ST. GEORGES, Grenada — Marching up Depradine Street in Gouyave, children sing passed their neighbours’ front doors. Gouyave is a busy fishing town, where backdoors open right onto the sandy beach. Gouyave has transformed into Hollywood. The cameras are rolling, as Mr. Killa, Grenada’s Soca superstar, films a music video.
The video is Grenada’s final push to win a regional contest to spread awareness about the importance of the sea that both separates and unites Eastern Caribbean islands.
“We don’t really have a choice, we’re all coastal people,” says Alleyne Regis of PCI Media Impact, one of the organizations running the contest along with The Nature Conservancy. “When we want to relax, we have a beach barbeque or go outside somewhere to connect with the environment.”
Lately, the tide of public awareness is changing. This shift in the current comes from vibrations and celebrations in Grenada right up to Saint Kitts and Nevis, where people are getting creative about protecting coastlines.
Six countries, including Antigua and Barbuda, Dominica, Grenada, St. Kitts and Nevis, St. Lucia and St. Vincent and the Grenadines, are competing to create the best campaign that promotes the importance of protecting the marine life.
Motivated by friendly rivalry and national pride, the campaigns move to the pulse of their own remix of the contest’s theme song, “This Is Who We Are,” and include activities from movie nights to fishing tournaments. Watch Antigua and Barbuda’s music video here and stay tuned for Grenada’s.
On Nov. 18, the campaign teams will gather for an Award Ceremony at Cabrits National Park in Dominica, which is on the rise after Tropical Storm Erika in August.
Only one team can claim the first place trophy, presented by Minister of Agriculture and Fisheries, Johnson Drigo, but when the rivalry fades the campaigns will continue as a unified network.
Each team will share their costume designs, invasive Lionfish recipes and successful strategies in order to make sure the real victors are the beaches, reefs and mangroves – and most importantly the people who rely on them.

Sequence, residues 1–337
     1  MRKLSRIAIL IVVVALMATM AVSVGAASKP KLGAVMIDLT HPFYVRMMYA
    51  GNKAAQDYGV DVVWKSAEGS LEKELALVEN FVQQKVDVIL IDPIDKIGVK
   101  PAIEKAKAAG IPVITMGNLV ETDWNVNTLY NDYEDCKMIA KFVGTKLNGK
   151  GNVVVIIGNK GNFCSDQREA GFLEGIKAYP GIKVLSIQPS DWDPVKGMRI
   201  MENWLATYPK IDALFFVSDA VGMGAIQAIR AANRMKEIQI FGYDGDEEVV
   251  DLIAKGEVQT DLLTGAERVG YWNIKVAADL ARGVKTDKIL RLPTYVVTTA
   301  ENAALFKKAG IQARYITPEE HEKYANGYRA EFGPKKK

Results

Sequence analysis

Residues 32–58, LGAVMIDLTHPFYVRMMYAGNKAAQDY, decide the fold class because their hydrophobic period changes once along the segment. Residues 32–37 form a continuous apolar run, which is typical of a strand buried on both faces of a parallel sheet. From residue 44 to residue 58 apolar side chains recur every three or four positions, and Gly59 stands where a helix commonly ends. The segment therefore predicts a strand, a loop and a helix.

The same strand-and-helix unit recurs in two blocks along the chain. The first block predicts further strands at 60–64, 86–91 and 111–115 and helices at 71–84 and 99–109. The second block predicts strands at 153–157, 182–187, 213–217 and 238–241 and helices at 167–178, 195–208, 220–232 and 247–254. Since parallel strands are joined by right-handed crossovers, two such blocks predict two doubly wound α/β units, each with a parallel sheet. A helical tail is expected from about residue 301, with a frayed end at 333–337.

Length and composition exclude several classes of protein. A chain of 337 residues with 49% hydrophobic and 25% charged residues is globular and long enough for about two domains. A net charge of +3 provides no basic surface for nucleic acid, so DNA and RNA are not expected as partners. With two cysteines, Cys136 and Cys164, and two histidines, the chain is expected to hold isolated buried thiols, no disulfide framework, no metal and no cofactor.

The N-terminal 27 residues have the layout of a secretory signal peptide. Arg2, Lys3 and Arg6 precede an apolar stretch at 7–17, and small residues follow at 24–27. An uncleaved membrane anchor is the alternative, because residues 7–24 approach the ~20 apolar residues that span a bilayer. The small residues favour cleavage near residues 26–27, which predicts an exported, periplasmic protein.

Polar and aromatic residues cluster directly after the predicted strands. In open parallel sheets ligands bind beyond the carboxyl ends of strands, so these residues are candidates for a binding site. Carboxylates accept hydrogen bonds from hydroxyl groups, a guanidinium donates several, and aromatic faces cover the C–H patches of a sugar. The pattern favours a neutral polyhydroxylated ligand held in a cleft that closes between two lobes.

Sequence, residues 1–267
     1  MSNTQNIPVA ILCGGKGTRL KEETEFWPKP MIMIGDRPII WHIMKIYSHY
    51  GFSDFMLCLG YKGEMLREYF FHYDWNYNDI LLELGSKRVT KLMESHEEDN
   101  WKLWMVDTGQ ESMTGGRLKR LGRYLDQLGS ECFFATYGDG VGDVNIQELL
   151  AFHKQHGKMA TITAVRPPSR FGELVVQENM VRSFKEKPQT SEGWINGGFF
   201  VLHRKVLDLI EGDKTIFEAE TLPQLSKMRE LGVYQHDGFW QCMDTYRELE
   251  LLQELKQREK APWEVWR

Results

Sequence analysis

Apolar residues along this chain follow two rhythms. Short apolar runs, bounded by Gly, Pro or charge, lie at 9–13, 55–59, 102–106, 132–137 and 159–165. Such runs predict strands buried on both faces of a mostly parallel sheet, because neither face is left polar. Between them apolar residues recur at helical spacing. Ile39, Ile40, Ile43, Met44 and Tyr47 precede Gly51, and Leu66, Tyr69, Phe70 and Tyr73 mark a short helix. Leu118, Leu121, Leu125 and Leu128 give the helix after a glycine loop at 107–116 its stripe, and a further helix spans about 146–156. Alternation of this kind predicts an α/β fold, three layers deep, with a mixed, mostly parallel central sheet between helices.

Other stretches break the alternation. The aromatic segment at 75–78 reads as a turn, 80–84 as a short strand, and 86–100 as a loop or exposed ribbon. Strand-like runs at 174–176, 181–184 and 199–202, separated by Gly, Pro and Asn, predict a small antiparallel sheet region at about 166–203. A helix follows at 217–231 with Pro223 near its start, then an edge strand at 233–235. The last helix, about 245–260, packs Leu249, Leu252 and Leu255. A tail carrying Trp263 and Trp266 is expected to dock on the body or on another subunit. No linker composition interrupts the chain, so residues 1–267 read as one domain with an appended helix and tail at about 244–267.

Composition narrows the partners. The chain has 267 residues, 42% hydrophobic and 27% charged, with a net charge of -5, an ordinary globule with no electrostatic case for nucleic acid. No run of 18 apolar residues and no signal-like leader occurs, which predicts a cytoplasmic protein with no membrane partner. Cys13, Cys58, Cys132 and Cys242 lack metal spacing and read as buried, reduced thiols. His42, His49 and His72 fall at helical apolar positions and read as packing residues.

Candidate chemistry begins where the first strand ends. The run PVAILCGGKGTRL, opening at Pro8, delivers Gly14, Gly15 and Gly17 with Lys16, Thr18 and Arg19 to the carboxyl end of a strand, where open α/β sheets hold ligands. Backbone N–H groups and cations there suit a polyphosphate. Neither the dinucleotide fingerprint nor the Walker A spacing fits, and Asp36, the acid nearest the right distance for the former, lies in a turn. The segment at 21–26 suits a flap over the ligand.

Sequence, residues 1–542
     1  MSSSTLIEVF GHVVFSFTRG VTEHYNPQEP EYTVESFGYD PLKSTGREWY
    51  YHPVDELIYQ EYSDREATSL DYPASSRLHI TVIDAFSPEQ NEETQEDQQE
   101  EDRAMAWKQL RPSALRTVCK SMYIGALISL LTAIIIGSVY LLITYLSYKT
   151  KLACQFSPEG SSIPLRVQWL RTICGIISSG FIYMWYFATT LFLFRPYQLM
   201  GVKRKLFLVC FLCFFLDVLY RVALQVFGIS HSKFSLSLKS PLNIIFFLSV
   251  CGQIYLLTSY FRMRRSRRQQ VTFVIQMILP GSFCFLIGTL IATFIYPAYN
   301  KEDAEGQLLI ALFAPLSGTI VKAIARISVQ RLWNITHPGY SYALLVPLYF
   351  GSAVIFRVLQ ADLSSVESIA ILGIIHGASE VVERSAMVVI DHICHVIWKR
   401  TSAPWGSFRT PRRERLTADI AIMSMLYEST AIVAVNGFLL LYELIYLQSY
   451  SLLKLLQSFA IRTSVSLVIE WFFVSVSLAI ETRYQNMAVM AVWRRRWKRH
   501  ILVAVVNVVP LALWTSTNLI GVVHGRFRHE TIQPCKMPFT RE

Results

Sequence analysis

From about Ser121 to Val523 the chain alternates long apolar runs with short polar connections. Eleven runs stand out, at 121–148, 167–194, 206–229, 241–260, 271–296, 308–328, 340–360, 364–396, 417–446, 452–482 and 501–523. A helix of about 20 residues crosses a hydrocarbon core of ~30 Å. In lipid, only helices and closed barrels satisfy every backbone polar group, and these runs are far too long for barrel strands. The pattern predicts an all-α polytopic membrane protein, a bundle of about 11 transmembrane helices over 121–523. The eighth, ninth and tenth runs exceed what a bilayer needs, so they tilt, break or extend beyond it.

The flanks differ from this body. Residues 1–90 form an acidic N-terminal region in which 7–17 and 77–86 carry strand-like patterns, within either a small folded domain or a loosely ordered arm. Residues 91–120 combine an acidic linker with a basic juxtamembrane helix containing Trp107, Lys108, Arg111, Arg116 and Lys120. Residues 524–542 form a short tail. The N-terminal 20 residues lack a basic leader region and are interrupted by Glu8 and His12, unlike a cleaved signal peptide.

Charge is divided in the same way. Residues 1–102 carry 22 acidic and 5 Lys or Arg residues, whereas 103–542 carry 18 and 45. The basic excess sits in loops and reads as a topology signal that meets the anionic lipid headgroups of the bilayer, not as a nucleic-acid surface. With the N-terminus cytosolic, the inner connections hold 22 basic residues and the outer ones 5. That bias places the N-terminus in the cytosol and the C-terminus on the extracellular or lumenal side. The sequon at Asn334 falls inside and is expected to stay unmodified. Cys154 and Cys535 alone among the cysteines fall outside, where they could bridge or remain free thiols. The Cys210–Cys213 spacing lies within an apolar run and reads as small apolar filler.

The ceremony takes place in the weeks before COP21, a meeting in Paris that will redefine the world’s climate strategy. Though the Caribbean lacks a mighty voice on the global stage, coastal people feel the impact of sea level rise at their doors.
Public awareness is just one way the islands are strengthening their communities. Government officials, tourism authorities and fishing cooperatives are collaborating to sponsor sustainable livelihood initiatives and make smart management decisions that change the way we use, respect and celebrate coastal resources.
The campaigns are part of the Climate-Resilient Eastern Caribbean Marine Managed Areas Network (ECMMAN) project, sponsored by the German Federal Ministry for the Environment, Nature Conservation, Building and Nuclear Safety.
Saint Vincent and the Grenadines on the mainland island of Saint Vincent have their main rubbish/garbage site close to the sea at Brighton. It is not clay lined and has brooks and streams flowing through the site which flow directly into the sea.
All and anything is dumped there including un-drained vehicle batteries, drums of extremely dangerous chemicals, dirty oils from vehicles, old tyres/tires, veterinary animal parts and dead animals, hospital waste including biological waste.
The stream as it enters the sea is highly toxic and carries all sorts of nasty’s.
At the same time the government agency is removing all the sand from beaches local to the dump for building sand, they are even driving into the sea to retrieve it.
At Rabbaca river they frequently burn thousands of truck tyres in the river bed, when it rains the residue flows straight into the sea,
They have been told/warned but ignore all such communiques, and you have to beware when speaking out unless they come after you to heap spite and malice on your head for speaking out.
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